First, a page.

If I am referring to my implementation / use of a machine learning algorithm for some task that is relevant to the job, should I always be ready to give information about the performance of the classifier, e.g. its accuracy, recall, F-measure, etc.? For a non-entry level job, I am guessing this would be rather important.

But for an entry level job, is it ok to report not so great results or should I omit the results completely and wait for the interviewer to ask me if it comes up?

I understand it may depend on the task, e.g. a 50% 'accuracy' on generating live product reviews that get voted most helpful by humans (who don't know they are machine generated) would probably turn heads, but on a simple binary classification task this number would be almost comical.

These websites suggest numbers should generally be included in a resume/cover letter to highlight achievement, but what about when they suggest not so great achievement?

(1) http://career-advice.monster.com/resumes-cover-letters/resume-writing-tips/numbers-to-highlight-accomplishments/article.aspx

(2) http://www.smartrecruiters.com/blog/the-right-numbers-in-a-resume/

(3) http://careerrocketeer.com/2011/11/4-ways-numbers-can-make-your-resume-effective.html

  • I'm upvoting this as a good question even though it makes me somewhat sick to see confirmation that generated reviews are an actual thing AND that they are voted helpful by humans.
    – NotMe
    Oct 28, 2014 at 14:24

1 Answer 1


Should one always mention numbers/percents for algorithm results in an interview/cover letter?

No, definitely not. Numbers may be helpful, but you shouldn't put numbers blindly everywhere - only where they really help convey the scale of your achievements and help you stand out from the crowd in a positive way.

As you mention, the measurements of an algorithm may be hard to interpret without the right context, and too detailed for a CV / cover letter. So use only numbers which are easy to interpret and unambiguous, even for people without a strong technical background - remember that the first readers of your cover letter and CV will be most likely HR / recruiters, not developers or scientists. And you must pass through their filters in order to get to meet a technical person in an interview, where - if asked - you can then give more details about the algorithm(s) you developed.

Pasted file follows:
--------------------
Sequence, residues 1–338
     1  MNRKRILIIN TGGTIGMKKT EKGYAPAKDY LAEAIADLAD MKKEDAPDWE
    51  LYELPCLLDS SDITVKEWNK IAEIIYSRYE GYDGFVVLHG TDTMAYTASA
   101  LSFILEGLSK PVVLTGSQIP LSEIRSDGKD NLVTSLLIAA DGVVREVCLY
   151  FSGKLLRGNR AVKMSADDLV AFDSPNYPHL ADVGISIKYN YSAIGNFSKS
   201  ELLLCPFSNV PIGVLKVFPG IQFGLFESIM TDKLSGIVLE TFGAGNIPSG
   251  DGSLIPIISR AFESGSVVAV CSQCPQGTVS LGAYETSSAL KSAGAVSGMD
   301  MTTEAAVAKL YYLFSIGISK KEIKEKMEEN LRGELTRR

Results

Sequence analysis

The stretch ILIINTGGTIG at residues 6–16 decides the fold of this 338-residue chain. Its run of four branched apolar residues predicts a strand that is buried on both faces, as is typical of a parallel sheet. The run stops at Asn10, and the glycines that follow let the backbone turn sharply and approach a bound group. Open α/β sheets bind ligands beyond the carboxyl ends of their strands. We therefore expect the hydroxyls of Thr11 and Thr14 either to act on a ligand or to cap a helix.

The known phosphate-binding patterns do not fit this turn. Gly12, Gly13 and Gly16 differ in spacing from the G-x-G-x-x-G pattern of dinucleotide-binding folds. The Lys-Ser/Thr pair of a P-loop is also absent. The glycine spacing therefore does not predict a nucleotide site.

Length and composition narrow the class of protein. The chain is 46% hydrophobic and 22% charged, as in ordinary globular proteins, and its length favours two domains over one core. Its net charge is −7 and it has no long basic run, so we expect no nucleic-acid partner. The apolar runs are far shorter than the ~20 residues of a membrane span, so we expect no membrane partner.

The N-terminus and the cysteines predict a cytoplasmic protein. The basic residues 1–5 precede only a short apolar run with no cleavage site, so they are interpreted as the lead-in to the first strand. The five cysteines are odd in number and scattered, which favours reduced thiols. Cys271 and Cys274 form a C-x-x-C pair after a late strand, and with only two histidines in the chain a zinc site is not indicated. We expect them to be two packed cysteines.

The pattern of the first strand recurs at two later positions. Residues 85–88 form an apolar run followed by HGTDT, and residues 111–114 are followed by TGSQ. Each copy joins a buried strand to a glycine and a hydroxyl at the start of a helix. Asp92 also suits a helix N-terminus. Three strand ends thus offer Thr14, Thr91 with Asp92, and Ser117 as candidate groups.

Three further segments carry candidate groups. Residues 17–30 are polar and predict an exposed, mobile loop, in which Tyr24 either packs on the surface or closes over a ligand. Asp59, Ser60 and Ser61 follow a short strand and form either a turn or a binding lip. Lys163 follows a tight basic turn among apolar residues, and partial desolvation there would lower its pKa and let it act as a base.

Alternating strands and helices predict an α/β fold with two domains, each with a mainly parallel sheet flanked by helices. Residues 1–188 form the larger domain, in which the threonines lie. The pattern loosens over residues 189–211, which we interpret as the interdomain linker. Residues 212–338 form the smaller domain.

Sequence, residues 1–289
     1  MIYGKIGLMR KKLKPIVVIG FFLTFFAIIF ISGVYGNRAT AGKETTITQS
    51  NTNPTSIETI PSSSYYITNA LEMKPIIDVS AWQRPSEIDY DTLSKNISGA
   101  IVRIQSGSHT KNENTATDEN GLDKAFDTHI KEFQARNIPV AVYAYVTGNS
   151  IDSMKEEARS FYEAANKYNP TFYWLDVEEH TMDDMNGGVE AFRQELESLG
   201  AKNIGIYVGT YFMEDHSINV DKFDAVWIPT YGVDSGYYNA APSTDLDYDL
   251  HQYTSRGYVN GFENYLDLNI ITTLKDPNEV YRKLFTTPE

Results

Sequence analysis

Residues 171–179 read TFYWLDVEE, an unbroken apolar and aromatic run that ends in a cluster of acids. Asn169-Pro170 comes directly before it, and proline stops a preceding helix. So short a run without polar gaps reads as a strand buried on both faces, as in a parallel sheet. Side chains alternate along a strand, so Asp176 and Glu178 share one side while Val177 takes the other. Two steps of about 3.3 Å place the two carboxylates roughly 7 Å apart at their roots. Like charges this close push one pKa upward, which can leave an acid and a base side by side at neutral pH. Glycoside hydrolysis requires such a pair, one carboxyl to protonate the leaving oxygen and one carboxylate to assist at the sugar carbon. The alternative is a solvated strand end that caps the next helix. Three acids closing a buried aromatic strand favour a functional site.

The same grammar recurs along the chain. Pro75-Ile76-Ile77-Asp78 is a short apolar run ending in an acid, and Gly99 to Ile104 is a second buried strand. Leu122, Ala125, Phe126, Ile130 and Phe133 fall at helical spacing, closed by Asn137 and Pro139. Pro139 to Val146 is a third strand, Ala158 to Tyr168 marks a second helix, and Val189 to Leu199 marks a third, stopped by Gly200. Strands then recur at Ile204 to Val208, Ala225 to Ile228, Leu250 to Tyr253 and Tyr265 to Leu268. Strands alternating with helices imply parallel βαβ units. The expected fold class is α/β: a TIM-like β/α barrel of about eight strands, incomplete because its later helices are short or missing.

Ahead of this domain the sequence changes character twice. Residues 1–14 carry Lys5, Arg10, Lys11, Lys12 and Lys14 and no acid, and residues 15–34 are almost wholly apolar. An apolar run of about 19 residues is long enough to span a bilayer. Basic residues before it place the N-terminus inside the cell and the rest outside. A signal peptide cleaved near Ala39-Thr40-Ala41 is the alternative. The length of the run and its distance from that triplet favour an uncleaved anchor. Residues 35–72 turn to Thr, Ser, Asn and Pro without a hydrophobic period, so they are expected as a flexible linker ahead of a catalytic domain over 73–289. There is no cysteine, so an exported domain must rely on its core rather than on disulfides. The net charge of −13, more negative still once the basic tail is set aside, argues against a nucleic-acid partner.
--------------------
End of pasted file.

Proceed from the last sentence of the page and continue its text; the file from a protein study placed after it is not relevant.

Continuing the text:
The referred articles suggest you use numbers which are measured in, or are easily translated to, quantities making sense to prospective employers, like money, time etc. In other words, strive to quantify the impact you made on the business, rather than just quoting raw technical data. So if you can calculate or dig out concrete numbers like

  • product reviews generated by the algorithm I developed received 5% more "helpful" votes by humans compared to the earlier implementation
  • the binary classification algorithm I developed ran 25% faster / was 10% more accurate / used 15% less resources compared to our original target

then by all means quote them.

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